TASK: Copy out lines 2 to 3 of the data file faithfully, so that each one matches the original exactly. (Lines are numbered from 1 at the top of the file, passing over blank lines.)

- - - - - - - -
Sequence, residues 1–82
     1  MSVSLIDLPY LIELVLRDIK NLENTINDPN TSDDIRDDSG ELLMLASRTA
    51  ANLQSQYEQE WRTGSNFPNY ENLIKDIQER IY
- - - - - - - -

     1  MSVSLIDLPY LIELVLRDIK NLENTINDPN TSDDIRDDSG ELLMLASRTA
    51  ANLQSQYEQE WRTGSNFPNY ENLIKDIQER IY